Over the past several decades, we have seen a dramatic shift away from democracy and toward oligarchy—a form of government in which power is held by a small number of wealthy elites. The oligarchy has manipulated the rules of the economy, deregulated industries, signed trade deals that favor corporations over workers, and slashed taxes on the wealthy. Our economy has become increasingly unequal and our government has become less responsive to the needs of ordinary citizens.
Chances are that you consider yourself to be in the middle class—nearly everyone in the United States does. But, it can be tricky to define the middle class, as people’s perceptions of their social class can vary widely.
The American Dream was based on the premise that America is a meritocracy, where individuals are rewarded based on their ability and effort. However, there are several problems with meritocracy in actual practice.
The economy has changed in ways that favor those at the top. Globalization, the decline of unions, changes in the tax code, deregulation, the Great Recession, and the COVID-19 pandemic have exacerbated these trends.
As the economy changes, so do the opportunities and challenges for businesses and workers. People who can’t adapt will have a harder time succeeding than those who have more money to start with. This is sure to lead to greater inequality in the future.
The Gilded Age is the name given to the period in American history between the Civil War and the turn of the twentieth century when economic growth was rapid. It was characterized by several factors, including the rise of big business, the growth of cities, and the rise of a new class of millionaires.
Although there are a few differences, the parallels between the Gilded Age and the present day are striking. During this period, extreme wealth imbalances, hyper-partisanship, virulent anti-immigrant prejudice, and heightened concern about money in politics became widespread.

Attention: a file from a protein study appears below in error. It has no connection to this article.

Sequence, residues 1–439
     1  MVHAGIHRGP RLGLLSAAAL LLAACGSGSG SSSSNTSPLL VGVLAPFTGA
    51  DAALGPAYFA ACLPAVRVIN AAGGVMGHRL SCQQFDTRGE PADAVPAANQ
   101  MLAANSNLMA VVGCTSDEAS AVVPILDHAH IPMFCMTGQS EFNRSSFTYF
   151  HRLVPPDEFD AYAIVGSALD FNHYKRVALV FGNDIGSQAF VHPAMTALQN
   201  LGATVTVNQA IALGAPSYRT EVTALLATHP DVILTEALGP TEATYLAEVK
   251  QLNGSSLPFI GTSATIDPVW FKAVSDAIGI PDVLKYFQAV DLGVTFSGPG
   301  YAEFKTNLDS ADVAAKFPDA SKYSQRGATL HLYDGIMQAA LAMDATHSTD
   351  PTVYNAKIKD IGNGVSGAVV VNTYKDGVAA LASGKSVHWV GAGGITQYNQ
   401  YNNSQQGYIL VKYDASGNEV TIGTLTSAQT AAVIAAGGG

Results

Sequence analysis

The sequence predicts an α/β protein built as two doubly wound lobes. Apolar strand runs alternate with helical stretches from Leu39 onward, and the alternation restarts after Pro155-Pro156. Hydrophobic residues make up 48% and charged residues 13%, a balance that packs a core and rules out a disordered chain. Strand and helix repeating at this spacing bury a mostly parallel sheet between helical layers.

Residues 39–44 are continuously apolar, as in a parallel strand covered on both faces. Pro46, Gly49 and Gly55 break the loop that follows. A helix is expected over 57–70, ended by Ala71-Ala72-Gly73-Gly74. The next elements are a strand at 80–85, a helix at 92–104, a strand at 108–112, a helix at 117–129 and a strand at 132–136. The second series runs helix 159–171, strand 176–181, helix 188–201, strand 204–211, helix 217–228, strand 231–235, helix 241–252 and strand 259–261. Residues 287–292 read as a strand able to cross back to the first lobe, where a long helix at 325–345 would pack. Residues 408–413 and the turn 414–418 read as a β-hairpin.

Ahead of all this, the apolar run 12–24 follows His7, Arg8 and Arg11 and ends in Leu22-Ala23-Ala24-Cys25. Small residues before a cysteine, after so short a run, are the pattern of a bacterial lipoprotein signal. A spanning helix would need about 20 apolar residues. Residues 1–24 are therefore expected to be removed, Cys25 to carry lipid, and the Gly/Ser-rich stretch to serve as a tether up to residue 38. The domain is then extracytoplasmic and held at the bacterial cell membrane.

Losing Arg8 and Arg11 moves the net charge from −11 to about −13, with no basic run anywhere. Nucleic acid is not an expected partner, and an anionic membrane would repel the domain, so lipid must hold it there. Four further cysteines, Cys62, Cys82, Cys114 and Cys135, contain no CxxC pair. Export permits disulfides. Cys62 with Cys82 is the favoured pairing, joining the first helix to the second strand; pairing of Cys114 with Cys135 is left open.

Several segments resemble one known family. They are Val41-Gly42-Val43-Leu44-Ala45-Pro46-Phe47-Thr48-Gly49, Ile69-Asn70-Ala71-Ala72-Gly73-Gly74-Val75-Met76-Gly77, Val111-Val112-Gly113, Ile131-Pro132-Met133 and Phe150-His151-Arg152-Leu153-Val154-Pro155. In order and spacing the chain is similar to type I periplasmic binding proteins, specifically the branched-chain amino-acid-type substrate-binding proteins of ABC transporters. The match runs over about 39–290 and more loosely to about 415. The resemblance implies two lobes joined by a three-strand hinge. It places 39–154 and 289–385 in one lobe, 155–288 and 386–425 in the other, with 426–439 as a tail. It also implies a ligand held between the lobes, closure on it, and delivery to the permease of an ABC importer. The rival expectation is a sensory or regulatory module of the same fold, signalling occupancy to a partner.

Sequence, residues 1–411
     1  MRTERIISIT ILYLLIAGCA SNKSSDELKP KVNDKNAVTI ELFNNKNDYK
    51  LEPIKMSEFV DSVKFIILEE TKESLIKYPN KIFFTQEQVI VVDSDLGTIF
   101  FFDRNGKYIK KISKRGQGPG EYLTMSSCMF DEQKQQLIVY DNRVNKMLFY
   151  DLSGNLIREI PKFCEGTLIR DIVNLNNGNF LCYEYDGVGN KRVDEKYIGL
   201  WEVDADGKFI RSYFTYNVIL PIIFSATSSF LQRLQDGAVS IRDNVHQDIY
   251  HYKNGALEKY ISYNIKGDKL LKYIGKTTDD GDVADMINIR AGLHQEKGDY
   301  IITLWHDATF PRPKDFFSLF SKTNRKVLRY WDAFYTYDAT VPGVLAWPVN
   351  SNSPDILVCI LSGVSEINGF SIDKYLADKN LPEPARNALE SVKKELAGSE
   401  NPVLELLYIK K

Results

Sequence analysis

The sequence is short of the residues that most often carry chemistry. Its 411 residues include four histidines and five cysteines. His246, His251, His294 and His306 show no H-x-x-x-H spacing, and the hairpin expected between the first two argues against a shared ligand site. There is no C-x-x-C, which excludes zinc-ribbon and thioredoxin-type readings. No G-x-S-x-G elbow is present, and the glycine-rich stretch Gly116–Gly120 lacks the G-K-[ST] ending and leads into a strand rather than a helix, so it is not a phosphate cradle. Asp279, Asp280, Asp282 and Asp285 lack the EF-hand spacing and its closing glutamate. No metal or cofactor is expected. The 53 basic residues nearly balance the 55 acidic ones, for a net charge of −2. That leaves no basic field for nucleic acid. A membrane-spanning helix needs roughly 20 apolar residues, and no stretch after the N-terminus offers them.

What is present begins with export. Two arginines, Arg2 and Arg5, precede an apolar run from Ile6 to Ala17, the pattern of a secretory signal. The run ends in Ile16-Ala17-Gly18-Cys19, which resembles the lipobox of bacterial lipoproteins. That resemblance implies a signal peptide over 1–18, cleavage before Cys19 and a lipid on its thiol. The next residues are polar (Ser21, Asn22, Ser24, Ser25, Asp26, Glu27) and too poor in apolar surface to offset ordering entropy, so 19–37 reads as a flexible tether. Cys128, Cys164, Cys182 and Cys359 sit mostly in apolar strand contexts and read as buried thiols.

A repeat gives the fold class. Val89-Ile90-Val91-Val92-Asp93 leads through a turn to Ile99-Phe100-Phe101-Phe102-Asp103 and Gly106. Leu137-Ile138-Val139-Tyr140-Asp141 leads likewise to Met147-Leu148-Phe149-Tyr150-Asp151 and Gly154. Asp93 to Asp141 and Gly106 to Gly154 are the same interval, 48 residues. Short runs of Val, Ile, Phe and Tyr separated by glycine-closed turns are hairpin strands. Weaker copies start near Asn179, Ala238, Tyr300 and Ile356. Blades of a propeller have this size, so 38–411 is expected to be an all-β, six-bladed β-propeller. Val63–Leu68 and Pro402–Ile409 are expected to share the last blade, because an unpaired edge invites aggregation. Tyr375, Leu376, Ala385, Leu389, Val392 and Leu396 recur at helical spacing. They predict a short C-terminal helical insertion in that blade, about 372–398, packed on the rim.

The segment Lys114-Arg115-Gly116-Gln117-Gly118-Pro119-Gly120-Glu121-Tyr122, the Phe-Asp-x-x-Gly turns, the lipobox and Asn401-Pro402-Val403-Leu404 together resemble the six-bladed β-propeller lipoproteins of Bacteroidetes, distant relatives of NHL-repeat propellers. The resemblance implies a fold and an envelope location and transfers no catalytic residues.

Income and wealth inequality in the United States is not only growing, but some believe it has reached levels not seen since the early twentieth century. Today’s level of income and wealth inequality is not sustainable and is creating a society that is increasingly divided between the haves and the have-nots.
One of the most common ways that the ultra-rich maintain their power and wealth is by rigging the rules of the oligarchy economy in their favor. This can take many forms, but some of the most common ways include political power, economic power, media control, philanthropic influence, and intergenerational transfers.
While oligarchic societies may have different structures, they all have one thing in common: the wealthy privileged class has a disproportionate amount of power. This power imbalance can have harmful consequences for community wealth-building efforts. To build community wealth, we need to level the playing field and create opportunities for everyone to participate.
An essential guide to empowering our communities and building equitable societies.
Empowering Communities is a roadmap for reducing wealth inequality, empowering vulnerable members of society, and building equitable communities that put people over profits. With practical advice on organizing campaigns and initiatives around economic justice, readers can learn how to make a meaningful difference in their own communities.
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